Another week, another drugs-in-sport controversy. Few events remains immune from depressing doping rumours, results and recriminations. Indeed this week the British pubic have been treated to not one but two scandalous episodes, with a former heavyweight champion following the most successful road cyclist from these shores in each being ensnared in doping rows.
Four-time Tour de France champion Chris Froome has been revealed to have had double the permitted levels of the asthma medication salbutamol in his body during his victory in the historic Vuelta a España in September. Meanwhile, UK Anti-Doping has cleared heavyweight Tyson Fury to return to the sport following the boxer's acceptance of a backdated two-year punishment for a banned steroid.
Fury is now clear to relaunch his boxing career after his lay-off for elevated levels of the steroid nandrolone in February 2015. The 29-year-old has always maintained his innocence claiming that the high levels of nandrolone came from eating uncastrated wild boar, the latest bombastic excuse attached to a doping case.
In September, Froome was celebrating becoming the first cyclist to win the Tour de France and the Vuelta in the same season since 1978. Now the 32-year-old could be stripped of the Spanish title and banned for up to a year.
In the multi-layered complexities of doping, little is straightforward in such stories. We can be certain that the controversies will drag on and that, no matter the outcomes, the rumours and innuendos will continue for years, a permanent stain on the records of these high-achievers.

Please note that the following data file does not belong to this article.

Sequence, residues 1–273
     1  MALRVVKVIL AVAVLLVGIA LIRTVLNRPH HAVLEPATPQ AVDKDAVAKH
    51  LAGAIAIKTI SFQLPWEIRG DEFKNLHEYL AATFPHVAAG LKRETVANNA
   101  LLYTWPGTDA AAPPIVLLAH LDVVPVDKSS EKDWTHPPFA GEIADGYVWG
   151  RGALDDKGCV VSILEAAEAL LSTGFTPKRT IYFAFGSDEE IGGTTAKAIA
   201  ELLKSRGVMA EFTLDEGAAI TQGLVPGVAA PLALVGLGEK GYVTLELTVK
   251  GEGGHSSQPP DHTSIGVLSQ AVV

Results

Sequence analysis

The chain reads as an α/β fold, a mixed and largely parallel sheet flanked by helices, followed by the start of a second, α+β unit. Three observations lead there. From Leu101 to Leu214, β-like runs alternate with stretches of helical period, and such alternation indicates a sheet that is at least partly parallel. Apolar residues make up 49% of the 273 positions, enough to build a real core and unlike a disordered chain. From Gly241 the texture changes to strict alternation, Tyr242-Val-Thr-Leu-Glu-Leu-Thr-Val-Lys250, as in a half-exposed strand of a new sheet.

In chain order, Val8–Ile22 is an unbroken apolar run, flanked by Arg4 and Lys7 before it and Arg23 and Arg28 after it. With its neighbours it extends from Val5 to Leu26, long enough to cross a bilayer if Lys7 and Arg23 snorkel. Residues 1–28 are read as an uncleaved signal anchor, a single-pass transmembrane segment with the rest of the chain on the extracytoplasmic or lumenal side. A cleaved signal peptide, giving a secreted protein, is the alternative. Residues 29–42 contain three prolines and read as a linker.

Fury – who has also admitted to using cocaine, not considered to be a performance-enhancing substance – will be welcomed back with barely a murmur into the boxing fold with potentially his biggest and richest fight coming onto the horizon next year.
In the pantheon of disreputable behaviour exhibited by the self-styled Gypsy King – including homophobia and anti-semitism – drug taking is far from the worst.
The substance Froome is in trouble for, salbutamol, is a medication used to relieve symptoms of asthma and athletes are allowed to have a certain amount of it in their body (1,000 nanogram per millimetre). The cyclist was found to have double that level.
Froome will now take a place in cycling's roll of dishonour, cyclists who were too good to be true and whose reputations will forever be tarnished and whose victories will, at the very least, have a metaphorical asterisk of doubt alongside them.
Perhaps the most famous doper of them all, Lance Armstrong, won the Tour de France seven times, a feat which has since been expunged from the record books but not from the memories of the fans who were there.
Despite these high-profile results and punishments, the anti-doping authorities and the dopers continue to play their game of high-stakes cat and mouse. In a world where drug rules are ever-more complicated it is hard not to feel a modicum of sympathy for athletes caught in the ever-shifting sands of the rule books. Maria Sharapova missed 15-months of tennis after being caught using a drug, meldonium, which had been legal until just a few weeks previously.